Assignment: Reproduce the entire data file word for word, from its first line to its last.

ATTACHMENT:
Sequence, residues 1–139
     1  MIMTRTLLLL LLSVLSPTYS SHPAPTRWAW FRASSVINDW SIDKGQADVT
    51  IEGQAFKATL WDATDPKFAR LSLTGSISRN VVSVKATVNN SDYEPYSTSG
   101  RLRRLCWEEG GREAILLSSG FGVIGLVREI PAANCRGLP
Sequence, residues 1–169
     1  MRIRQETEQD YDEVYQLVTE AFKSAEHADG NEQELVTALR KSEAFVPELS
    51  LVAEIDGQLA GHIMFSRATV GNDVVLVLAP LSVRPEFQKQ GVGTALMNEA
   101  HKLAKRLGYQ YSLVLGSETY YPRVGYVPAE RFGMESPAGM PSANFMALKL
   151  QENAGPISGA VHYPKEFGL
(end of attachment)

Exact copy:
Sequence, residues 1–139
     1  MIMTRTLLLL LLSVLSPTYS SHPAPTRWAW FRASSVINDW SIDKGQADVT
    51  IEGQAFKATL WDATDPKFAR LSLTGSISRN VVSVKATVNN SDYEPYSTSG
   101  RLRRLCWEEG GREAILLSSG FGVIGLVREI PAANCRGLP
Sequence, residues 1–169
     1  MRIRQETEQD YDEVYQLVTE AFKSAEHADG NEQELVTALR KSEAFVPELS
    51  LVAEIDGQLA GHIMFSRATV GNDVVLVLAP LSVRPEFQKQ GVGTALMNEA
   101  HKLAKRLGYQ YSLVLGSETY YPRVGYVPAE RFGMESPAGM PSANFMALKL
   151  QENAGPISGA VHYPKEFGL